Tiffany Seagroves, PhD












CORE HIGHLIGHT: AIC The Advanced Imaging Core (AIC) is an exciting new addition to the UTHSC’s institutional cores. The AIC provides advanced microscopy imaging and data analysis services through its state-of-the-art equipment and expertise. •

Light-sheet fluorescence, wide-field fluorescence, and super-resolution fluorescence microscopy imaging equipment enables researchers to capture subcellular structures and identify protein localization patterns with high accuracy in both 2D and 3D.

An LaVision Ultramicrscope II light-sheet fluorescent microscope (LSFM) is available in the LSFM Unit and a Zeiss Elyra 7 system is available in the super resolution microscopy (SRM) Unit.

These cutting-edge technologies minimize sample photodamage during imaging. Live imaging on the Elyra 7 system allows users to track fast cellular processes, such as vesicle movement, and to observe various signaling events. Structured illumination microscopy image of bovine pulmonary artery endothelial cells stained with MitoTracker Red, AF488-phalloidin, and DAPI. Photo courtesy of Dr. Rachel Helms.




Dr. Monica Jablonski (center), 2017 Innovation Award winner with Chancellor Steve Schwab (left) and

Our faculty are a powerhouse of ideas who often produce discoveries suitable for intellectual property development. Faculty start-ups have developed new therapeutics and diagnostics to improve medical care, facilitated the retention of key faculty and personnel, and have brought new money and jobs to our state economy. The UT Research Foundation is the primary entity providing assistance and resources that help faculty, staff and students of the UT system move ideas to the marketplace. The Office of Research has striven over the past five years to expand its strategic partnership with UTRF in order to achieve the double aim of encouraging a more entrepreneurial culture and creating new avenues for interdisciplinary activities. We made strategic hires, created new award programs and lecture series, and developed new initiatives designed to integrate the new boundary-crossing focus of UTHSC with existing UTRF efforts. By combining forces with UTRF, the Office of Research further encourages cross-departmental, cross-college, and cross-campus collaborations. Developing such interprofessional, interdisciplinary teams has been key to expanding our research portfolio and funding. An inherent consequence of these efforts has also been the evolution of industry partnerships locally, regionally, and statewide.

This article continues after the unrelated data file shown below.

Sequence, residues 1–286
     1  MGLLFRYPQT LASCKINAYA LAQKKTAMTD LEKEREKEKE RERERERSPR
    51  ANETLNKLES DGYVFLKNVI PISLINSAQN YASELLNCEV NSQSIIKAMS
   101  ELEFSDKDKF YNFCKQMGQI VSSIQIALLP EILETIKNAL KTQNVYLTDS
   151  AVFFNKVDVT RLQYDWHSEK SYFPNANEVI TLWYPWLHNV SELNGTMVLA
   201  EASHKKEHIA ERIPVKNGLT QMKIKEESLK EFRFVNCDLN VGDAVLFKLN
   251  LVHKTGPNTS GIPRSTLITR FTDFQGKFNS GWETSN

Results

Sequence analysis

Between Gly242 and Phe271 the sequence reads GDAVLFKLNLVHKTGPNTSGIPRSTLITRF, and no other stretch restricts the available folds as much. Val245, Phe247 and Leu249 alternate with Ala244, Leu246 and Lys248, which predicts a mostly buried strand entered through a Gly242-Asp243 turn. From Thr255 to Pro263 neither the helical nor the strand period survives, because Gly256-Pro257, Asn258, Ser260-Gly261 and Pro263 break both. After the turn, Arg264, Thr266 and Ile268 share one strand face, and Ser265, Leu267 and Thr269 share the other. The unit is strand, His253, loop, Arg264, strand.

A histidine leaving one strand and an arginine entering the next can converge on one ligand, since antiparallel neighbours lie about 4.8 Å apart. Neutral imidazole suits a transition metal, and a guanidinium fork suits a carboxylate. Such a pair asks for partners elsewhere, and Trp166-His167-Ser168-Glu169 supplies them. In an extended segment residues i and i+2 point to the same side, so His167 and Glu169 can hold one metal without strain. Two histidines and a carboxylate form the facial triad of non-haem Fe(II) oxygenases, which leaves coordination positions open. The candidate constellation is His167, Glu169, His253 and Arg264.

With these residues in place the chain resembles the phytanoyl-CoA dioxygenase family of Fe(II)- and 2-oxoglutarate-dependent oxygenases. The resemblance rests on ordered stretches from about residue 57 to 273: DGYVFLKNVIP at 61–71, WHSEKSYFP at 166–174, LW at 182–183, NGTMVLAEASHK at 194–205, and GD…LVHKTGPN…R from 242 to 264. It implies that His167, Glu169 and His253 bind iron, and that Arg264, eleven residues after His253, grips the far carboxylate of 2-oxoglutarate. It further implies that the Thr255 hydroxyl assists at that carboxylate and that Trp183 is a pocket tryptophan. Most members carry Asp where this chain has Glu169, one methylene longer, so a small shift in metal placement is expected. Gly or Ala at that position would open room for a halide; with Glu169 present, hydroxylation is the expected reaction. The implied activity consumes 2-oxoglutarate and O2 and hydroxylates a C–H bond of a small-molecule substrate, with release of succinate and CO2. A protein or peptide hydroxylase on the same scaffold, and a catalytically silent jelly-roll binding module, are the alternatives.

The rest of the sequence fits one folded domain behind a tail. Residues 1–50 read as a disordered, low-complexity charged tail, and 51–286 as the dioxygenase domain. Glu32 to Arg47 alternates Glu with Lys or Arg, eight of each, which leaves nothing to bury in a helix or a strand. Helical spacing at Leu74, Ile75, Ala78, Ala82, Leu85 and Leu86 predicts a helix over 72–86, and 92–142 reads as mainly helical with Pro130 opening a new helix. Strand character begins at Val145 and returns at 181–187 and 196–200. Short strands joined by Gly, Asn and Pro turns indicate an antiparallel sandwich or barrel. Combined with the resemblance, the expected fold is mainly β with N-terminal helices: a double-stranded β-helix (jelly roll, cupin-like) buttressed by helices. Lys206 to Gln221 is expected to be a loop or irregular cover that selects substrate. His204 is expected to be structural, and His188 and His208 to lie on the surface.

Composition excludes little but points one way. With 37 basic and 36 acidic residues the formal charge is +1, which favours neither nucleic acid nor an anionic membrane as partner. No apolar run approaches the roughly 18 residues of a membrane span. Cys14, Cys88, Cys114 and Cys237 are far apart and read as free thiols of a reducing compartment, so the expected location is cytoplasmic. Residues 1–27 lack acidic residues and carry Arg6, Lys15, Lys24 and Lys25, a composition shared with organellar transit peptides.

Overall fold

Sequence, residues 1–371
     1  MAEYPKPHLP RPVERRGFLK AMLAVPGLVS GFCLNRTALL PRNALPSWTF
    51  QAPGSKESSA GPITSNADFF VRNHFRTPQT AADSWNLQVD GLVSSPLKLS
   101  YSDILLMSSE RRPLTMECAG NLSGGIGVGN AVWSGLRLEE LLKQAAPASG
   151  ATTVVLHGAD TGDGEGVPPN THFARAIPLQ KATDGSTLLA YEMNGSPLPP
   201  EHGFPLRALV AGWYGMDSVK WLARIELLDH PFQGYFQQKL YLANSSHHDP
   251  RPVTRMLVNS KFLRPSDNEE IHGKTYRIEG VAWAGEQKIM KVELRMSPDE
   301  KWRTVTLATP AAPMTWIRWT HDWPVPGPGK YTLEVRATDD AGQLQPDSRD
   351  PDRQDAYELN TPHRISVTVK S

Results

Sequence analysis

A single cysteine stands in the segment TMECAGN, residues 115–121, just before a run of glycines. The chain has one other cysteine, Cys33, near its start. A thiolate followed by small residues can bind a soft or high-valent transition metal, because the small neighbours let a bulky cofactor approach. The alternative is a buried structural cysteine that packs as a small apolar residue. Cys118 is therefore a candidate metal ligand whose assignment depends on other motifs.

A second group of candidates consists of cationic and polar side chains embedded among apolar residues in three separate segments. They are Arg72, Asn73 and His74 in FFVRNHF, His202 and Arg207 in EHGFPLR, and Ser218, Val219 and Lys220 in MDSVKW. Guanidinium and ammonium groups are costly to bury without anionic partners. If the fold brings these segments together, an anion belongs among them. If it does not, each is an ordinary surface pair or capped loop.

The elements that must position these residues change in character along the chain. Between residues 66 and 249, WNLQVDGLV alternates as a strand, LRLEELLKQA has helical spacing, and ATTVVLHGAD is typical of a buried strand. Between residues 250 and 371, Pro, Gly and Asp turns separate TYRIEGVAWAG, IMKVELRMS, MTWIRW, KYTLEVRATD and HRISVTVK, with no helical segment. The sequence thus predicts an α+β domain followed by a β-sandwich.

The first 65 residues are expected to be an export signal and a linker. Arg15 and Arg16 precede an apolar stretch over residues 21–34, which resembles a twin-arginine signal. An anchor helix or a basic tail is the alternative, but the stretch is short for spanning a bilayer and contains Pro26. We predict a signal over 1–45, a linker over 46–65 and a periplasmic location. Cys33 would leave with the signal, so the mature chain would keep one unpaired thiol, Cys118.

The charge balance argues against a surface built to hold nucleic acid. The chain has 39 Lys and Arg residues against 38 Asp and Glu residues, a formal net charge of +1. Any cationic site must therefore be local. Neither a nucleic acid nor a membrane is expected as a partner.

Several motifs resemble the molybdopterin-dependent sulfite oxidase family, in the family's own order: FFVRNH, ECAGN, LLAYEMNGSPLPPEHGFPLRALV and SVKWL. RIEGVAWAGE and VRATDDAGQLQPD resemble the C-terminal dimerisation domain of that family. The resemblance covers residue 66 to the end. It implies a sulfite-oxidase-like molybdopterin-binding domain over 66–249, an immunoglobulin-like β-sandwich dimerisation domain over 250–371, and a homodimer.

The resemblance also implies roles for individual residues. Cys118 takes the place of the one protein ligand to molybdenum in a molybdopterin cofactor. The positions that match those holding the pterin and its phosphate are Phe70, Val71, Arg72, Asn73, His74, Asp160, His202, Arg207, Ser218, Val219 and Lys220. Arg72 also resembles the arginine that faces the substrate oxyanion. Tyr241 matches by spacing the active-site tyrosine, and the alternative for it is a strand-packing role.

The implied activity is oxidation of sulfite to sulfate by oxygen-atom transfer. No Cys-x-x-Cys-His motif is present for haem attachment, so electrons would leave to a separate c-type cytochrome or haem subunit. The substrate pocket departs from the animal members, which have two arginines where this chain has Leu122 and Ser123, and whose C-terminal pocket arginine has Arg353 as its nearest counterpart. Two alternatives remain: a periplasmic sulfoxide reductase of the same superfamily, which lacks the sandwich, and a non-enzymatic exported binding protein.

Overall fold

UTRF VP Richard Magid (right). 19


Developed CORNET collaborations with Southern Research, West China Medical University, and Harbin Medical University

Helped establish clinical trials of Innolife, Ltd. through CTN2

Led the establishment of a UTHSC drug discovery focus group, and helped launch the UTHSC-ORNL drug discovery and development collaboration

Helped establish the UTHSC startup incubator program and the competitive Innovation Lab award to UTHSC faculty developing their spin-off companies

Gábor Tigyi, MD, PhD AVCR


Working with UTRF Vice President Richard Magid, PhD, developed training programs/seminars on intellectual property development, patent filing, and marketing of intellectual property, and the nuts-and-bolts of launching startup companies

Helped create the new entrepreneurship-focused seminar series (LEADS)

Works with faculty to attract grants that drive their entrepreneurial efforts forward

Steve Bares AVCR


Phil Cestaro AVCR 20

Helped write the business plan for the Clinical Trials Network of Tennessee (CTN2 - see page XX).

Executive Director of CTN2, creating a centralized budgeting and contracting process, and provided business oversight for this 501c3 wholly owned subsidiary of UTRF

Recruits external industry users for UTHSC’s institutional Research Cores

NEW AWARD PROGRAMS CORNET AWARDS The Collaborative Research Network (CORNET) awards have been exceptionally important to UTHSC’s development over the last six years. This award program is designed to break down barriers between UTHSC colleges, UT campuses, UTHSC and other universities (national and global), UTHSC and industry. The CORNETs were conceived by VCR Steven Goodman to support new teams that cross a barrier, doing new research. This competitive intramural grant program gives researchers the initial funding they need to collect data for larger extramural grants while addressing the specific strategic goal of incentivizing collaboration. Since 2016, VCR Goodman has awarded 63 CORNETs worth a combined $2.26 million. Extramurally funded grants, totaling almost $30.4 million, have stemmed from CORNET work, a 13.45-fold return on investment. Jianxiong Jiang, PhD, associate professor in Pharmaceutical Sciences and Neurobiology, and Wei Li, PhD, Distinguished Professor and director of the College of Pharmacy Drug Discovery Center, were recently awarded $1.15 million from the National Institute of Neurological Disorders and Stroke to develop a potential new drug target to treat epileptic seizures. The grant put the total external dollars generated from CORNET-funded work over the $30 million mark.